The Dreaded R Word – Redundancy

Unfortunately I have been made redundant twice; the last time being about a year ago.

I was working for a Training Provider as a Funding Auditor and had been with the company for just over 5 years. There were so many positives about the job I did. Most importantly, I thoroughly enjoyed my job as it was both varied and interesting and I was working with a lovely team of people and had a great supportive boss.  I had improved my IT skills and gained a qualification during my employment with the company, and working part-time and only 5 minutes from home was fantastic for my work/life balance.

Then a bombshell was dropped: there were to be redundancies across the company.

Regrettably, my team were affected and our number was being halved.  The only positions available would be full time and I was not in a position to be able to apply due to childcare arrangements.  I had no alternative but to accept the redundancy.  I was devastated, my mind was in free fall. Where could I possibly find another job similar to the one I had?  My last day was so emotional – saying goodbye to my colleagues, I was totally gutted.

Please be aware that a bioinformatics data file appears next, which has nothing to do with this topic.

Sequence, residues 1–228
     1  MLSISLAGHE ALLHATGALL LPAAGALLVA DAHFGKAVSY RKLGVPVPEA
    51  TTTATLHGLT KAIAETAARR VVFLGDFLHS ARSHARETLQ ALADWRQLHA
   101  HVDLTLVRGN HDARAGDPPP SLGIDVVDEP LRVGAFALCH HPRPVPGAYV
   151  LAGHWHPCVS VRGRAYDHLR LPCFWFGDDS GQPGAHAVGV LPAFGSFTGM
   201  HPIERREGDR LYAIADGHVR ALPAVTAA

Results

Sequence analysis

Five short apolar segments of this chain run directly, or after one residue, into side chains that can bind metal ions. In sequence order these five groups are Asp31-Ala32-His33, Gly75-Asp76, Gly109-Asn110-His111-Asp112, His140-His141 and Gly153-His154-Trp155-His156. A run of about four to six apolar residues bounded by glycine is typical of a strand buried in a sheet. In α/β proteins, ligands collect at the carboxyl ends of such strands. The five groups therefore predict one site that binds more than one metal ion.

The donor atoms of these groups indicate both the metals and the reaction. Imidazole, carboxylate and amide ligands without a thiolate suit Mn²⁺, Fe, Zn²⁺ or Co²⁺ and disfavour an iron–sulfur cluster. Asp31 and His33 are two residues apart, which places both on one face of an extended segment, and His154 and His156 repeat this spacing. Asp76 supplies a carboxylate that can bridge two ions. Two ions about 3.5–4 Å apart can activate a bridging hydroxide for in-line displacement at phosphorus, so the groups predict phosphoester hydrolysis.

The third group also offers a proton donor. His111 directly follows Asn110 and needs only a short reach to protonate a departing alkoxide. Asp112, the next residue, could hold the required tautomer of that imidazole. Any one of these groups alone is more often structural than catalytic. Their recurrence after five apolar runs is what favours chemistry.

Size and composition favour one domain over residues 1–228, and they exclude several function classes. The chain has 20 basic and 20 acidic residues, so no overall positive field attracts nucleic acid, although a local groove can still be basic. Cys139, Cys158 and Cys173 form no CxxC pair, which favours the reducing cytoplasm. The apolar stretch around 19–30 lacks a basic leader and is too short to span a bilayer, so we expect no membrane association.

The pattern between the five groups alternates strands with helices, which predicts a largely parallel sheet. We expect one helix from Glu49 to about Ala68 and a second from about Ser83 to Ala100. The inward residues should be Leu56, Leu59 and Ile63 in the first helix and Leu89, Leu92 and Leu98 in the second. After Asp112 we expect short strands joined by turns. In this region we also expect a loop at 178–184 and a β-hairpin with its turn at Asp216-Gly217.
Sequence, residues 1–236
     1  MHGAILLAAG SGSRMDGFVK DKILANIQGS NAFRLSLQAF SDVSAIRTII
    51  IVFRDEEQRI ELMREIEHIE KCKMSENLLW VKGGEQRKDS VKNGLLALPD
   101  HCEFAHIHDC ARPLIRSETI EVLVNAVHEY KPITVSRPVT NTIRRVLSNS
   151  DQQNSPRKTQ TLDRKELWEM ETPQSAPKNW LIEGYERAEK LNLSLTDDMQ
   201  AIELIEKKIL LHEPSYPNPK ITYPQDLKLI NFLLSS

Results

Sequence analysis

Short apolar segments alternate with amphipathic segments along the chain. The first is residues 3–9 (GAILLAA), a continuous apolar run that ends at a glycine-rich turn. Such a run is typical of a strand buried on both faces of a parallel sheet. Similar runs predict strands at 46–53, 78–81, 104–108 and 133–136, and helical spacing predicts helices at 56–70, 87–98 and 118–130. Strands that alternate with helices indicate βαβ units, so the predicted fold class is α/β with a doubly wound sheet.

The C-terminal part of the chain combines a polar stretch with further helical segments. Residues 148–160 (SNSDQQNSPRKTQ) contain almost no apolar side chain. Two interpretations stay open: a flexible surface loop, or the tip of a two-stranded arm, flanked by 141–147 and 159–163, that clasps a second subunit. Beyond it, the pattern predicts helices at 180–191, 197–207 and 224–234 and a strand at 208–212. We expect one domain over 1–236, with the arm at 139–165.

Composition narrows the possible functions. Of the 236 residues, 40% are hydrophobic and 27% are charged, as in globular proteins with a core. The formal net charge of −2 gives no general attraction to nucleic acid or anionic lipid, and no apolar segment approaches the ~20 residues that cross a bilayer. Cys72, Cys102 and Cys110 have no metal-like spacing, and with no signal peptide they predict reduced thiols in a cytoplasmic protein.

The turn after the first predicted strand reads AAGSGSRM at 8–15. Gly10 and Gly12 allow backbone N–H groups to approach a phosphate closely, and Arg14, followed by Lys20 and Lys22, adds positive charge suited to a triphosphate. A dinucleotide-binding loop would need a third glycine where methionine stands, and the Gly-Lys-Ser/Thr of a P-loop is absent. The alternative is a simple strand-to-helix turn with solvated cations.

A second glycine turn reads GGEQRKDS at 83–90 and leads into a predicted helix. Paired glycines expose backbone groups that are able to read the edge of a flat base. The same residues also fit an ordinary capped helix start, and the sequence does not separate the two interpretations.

I didn’t have time to dwell on it for too long. I needed to find another job as soon as I could and actively set about job hunting.  The first thing I had to do was update my CV, adding on my previous employment details and amending the format.  Then to job search; my most popular go-to sites were Indeed, Total Jobs, the Civil Service Website and the NHS website.  I was looking for part time work within a reasonable distance to home – fortunately I had access to a car which widened my search.

I spent hours completing application forms, and quickly realised that meeting the criteria of the job profile was essential. I needed to provide examples of ‘how’ and ‘when’ to support my answers and display my skills and experience. This meant I would hopefully stand out from the hundreds of other applicants.

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I then saw a job advertised on Indeed with the National Careers Service as a Business Support Co-ordinator and everything about the job seemed perfect – the role profile, the hours, the location, and I knew I had to apply.  I spent ages perfecting my application form, to ensure I met the essential criteria with my answers and examples.

A week later I got a call to invite me for interview! I was filled with excitement but also nervousness. I had to do well, I had to sell myself and convince the interviewees that I was the right one for the job, as I knew I was!  As with most interviews these days, I knew the interview was going to be competency based and prepared examples of answers using the STAR technique, which I was familiar with. I also completed research on the company, their values, as well as checking out the website and social media streams.